This entry is based on the Southwest Research Institute’s press release and covers the results of the ROSINA instrument – the Rosetta Orbiter Spectrometer for Ion and Neutral Analysis – that were published today in the journal Science.
Scientists working on the ROSINA instrument have discovered that Comet 67P/Churyumov-Gerasimenko’s atmosphere, or coma, is much less homogenous than expected and that comet outgassing varies significantly over time.
“If we would have just seen a steady increase of gases as we closed in on the comet, there would be no question about heterogeneity of the nucleus,” says Dr. Myrtha Hässig, lead author of the paper and a postdoctoral researcher at Southwest Research Institute in San Antonio. “Instead we saw spikes in water readings, and a few hours later, a spike in carbon dioxide readings. This variation could be a temperature effect or a seasonal effect, or it could point to the possibility of comet migrations in the early Solar System.”
“Our whole concept of the variability of volatile release at comets will change based on this paper, which will have significant impact on our understanding of comet formation and evolution,” says Dr. Hunter Waite, a program director and planetary scientist at SwRI.
Comets are small Solar System bodies with a nucleus composed of ice, dust, and small rocky particles. As comets approach the Sun along their orbit, they heat up and outgas, displaying visible atmospheres and tails. Comets contain some of the best-preserved material from the formation of our planetary system, offering clues about physical and chemical conditions that existed in the early Solar System.
Rosetta has been studying Comet 67P/C-G since it began approaching the four kilometre wide world last year, finally arriving at a distance of 100 km on 6 August 2014.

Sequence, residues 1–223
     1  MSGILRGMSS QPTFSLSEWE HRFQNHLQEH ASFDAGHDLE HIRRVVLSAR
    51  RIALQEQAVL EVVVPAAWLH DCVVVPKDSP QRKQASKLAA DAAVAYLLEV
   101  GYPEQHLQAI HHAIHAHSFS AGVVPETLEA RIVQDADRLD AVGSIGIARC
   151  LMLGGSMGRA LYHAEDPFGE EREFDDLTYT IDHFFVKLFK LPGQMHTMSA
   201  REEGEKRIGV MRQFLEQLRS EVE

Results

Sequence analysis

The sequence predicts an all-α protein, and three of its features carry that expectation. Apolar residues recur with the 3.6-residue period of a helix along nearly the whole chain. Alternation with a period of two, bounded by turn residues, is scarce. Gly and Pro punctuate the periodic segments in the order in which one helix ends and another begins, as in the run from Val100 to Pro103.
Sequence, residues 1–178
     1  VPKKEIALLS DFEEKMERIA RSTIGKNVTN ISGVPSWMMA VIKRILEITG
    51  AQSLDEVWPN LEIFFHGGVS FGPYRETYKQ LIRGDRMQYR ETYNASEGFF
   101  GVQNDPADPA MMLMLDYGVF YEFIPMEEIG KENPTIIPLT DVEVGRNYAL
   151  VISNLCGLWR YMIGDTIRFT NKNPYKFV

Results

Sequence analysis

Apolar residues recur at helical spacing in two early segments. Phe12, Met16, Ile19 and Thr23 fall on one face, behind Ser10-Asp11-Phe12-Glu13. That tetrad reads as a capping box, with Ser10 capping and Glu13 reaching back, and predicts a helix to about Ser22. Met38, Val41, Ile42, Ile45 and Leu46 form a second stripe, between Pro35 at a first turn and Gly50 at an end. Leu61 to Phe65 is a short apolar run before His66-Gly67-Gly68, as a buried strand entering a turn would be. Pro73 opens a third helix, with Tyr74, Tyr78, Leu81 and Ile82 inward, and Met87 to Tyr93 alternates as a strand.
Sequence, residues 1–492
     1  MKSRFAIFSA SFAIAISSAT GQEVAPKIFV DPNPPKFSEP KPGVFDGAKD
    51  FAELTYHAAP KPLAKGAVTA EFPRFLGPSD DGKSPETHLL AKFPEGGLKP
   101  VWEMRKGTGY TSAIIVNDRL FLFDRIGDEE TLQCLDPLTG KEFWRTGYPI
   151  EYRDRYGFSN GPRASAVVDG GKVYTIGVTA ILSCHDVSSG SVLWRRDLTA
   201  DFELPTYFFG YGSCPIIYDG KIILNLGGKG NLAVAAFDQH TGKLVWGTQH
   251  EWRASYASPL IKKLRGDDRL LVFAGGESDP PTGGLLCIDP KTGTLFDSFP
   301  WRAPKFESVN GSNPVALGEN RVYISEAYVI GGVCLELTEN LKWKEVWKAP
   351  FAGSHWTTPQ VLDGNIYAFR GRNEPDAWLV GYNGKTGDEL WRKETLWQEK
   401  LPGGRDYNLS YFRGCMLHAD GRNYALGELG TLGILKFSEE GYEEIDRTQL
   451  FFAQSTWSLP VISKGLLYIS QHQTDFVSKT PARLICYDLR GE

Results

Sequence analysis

“From a telescope, images of a comet’s atmosphere suggest that the coma is uniform and does not vary over short periods of hours or days. That’s what we were expecting as we approached the comet,” said Dr. Stephen Fuselier, a director in the SwRI Space Science and Engineering Division and the lead U.S. co-investigator for ROSINA’s DFMS instrument. “It was certainly a surprise when we saw time variations from 200 km away. More surprising was that the composition of the coma was also varying by very large amounts. We’re taught that comets are made mostly of water ice. For this comet, the coma sometimes contains much more carbon dioxide than water vapour.”
Indeed, ROSINA data indicate that the H2O signal is strongest overall; however, there are periods when the CO and CO2 rival that of H2O.
“These large fluctuations in composition in a heterogeneous coma indicate diurnal or day-night and possibly seasonal variations in the major outgassing species,” says Hässig. “When I first saw this behavior, I thought something may have been wrong, but after triple-checking the data, we believe 67P has a complex coma-nucleus relationship, with seasonal variations possibly driven by temperature differences just below the comet surface.”
The nucleus of 67P/C-G consists of two lobes of different sizes, connected by a neck region. This complex, “rubber-ducky” shape likely plays a key role in this variation, as different portions of the nucleus face the Sun during the comet’s 12.4 rotation cycle. If the coma composition reflects the composition of the nucleus, variations suggest that the nucleus may have formed by collision of smaller bodies that originated from very different regions of the early Solar System. This discovery could revolutionize theories about comet formation and the relationship between comet composition and the location of its origin.
As the comet continues its 6.5-year journey around the Sun, Rosetta scientists will be able to consider seasonal variations as well.
“Time Variability and Heterogeneity in the Coma of 67P/Churyumov-Gerasimenko” is published in the 23 January issue of the journal Science.
The ROSINA team is led by Kathrin Altwegg of the University of Bern, Switzerland.